• an increase in the length of the growing season of between 12% and 16%;
The first image below shows mean temperature change across three time periods, 2021-2050, 2041-2070 and 2071-2100. This shows the regional variation mid-century. As ever, temperature changes appear trivial, but we must remember that this is a foundational dataset, which allows us to extrapolate other variables. And in this context I am more interested in the second image below which examines precipitation.
The next image looks at precipitation by season for (a) the Intermediate (2050) RCP and (b) the worst case (2100). Immediately we see some really significant shifts in precipitation. Note the somewhat wetter winters, but in particular then much dryer spring, summer and autumn!
So what I did (below) was to take the 2041-2060 precipitation prediction and map this to our current Long Term Average for Cork Airport (my local weather station). Bear in mind these are “mean” numbers, and if you need reminding, take a look at my recent analysis of mean average deviations which reminds us that rainfall is increasingly volatile, and that as the atmosphere warms, the incidence of intense rain and hence flooding becomes increasingly probable. Note the overall shift in precip is not great. In both intermediate and worst cases the total precip mm is reducing, but not by a lot. However observe how the winters get wetter and the Spring to Autumn periods are significantly drier. We already have anecdotal evidence that climate change for Ireland will probably mean summer droughts. Here is further weight to that prediction.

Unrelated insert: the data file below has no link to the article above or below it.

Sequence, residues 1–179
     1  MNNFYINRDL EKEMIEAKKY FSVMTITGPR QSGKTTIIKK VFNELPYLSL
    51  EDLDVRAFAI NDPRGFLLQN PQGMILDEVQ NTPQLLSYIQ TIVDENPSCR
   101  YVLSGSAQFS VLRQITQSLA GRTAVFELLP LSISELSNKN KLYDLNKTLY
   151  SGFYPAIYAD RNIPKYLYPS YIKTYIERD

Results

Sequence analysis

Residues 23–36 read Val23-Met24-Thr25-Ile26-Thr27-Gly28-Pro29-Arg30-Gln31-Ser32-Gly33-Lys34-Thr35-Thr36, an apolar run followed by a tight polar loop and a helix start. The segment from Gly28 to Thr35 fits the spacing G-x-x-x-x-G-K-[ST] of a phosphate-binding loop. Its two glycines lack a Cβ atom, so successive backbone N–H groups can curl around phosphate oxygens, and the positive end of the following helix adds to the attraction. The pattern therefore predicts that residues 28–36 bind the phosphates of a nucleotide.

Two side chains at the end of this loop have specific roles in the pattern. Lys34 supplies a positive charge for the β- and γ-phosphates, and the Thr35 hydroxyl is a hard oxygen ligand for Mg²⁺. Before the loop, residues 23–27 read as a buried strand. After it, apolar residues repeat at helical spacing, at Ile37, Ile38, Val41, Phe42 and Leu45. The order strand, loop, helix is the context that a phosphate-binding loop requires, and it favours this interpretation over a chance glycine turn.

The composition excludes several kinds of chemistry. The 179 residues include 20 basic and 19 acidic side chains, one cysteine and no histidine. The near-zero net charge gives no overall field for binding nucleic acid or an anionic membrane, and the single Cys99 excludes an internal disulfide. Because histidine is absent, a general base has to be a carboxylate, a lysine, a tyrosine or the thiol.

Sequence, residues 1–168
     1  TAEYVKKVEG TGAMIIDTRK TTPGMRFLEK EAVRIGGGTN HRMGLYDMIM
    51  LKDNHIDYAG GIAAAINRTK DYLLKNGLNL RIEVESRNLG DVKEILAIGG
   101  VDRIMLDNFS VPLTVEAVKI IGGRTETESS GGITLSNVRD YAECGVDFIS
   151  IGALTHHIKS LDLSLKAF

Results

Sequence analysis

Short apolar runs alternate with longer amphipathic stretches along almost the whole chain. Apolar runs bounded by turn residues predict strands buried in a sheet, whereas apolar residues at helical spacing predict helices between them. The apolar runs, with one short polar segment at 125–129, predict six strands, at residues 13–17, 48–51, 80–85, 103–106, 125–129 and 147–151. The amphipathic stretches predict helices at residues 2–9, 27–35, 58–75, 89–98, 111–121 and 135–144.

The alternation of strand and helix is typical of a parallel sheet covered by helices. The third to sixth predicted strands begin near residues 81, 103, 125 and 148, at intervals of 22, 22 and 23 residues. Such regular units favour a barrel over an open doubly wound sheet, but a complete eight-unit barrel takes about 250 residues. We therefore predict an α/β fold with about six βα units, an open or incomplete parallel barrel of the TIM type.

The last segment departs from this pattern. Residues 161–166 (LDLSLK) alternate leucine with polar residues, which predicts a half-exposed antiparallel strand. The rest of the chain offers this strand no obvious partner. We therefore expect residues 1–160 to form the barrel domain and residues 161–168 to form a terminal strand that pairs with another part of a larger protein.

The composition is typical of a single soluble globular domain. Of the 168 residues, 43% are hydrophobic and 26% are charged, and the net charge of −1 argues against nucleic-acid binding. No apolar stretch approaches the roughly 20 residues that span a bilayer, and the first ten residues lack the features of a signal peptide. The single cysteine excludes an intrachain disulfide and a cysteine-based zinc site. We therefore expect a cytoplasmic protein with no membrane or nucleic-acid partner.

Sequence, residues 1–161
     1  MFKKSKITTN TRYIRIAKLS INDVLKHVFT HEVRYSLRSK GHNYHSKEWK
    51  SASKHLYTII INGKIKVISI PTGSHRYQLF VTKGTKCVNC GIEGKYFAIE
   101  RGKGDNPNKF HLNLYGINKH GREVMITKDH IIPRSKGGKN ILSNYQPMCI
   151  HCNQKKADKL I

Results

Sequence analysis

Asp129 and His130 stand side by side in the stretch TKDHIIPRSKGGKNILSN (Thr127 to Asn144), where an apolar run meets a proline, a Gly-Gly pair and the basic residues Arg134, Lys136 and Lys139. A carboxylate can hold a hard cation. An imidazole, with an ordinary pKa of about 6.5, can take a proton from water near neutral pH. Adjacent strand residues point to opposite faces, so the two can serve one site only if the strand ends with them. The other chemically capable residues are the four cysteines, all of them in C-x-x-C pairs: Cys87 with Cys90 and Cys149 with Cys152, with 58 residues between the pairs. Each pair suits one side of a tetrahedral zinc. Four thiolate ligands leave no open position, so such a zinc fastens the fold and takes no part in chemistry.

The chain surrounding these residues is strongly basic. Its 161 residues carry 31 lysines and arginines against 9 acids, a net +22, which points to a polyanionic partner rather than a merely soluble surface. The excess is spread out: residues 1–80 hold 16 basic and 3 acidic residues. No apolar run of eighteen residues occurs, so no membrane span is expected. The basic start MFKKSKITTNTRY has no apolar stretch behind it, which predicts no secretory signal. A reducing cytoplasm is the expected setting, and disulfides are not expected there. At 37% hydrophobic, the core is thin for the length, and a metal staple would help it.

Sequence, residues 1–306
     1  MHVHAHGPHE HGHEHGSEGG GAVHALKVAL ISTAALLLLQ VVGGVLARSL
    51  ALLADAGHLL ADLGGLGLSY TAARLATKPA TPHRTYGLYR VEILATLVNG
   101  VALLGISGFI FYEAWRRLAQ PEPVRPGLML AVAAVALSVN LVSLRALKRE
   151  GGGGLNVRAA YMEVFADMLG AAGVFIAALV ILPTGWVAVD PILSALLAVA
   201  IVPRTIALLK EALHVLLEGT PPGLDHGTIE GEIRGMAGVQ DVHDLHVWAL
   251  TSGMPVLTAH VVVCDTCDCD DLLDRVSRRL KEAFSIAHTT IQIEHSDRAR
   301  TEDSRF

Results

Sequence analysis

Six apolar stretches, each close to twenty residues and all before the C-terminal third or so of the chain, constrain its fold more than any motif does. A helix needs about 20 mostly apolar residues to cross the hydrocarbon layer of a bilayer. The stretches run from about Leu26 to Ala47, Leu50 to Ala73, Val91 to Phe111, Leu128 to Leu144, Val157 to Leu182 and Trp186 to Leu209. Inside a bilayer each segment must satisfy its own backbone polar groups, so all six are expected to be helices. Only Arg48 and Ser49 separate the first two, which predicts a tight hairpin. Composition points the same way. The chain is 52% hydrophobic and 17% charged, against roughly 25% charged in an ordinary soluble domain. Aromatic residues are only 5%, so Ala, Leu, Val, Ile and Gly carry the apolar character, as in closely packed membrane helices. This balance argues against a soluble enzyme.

|Long Term Average (LTA)||2041- 2060|
RCP4.5 (Mid case) %
RCP8.5 (worst case)%
This isn’t purely academic! From a practical point of view this will be helpful to me and my colleagues on the local allotments; we are looking seriously at rainwater harvesting, and this gives us hard data on which to understand what collection and storage capacity we need and crucially at what times of year.
I imagine many businesses and organizations will use this data to consider how they will respond. I hope many of my readers will consider doing similar analyses and consider the impacts for themselves. Do let me know I will be very interested to report on same.
Climate Change Becomes Real for Many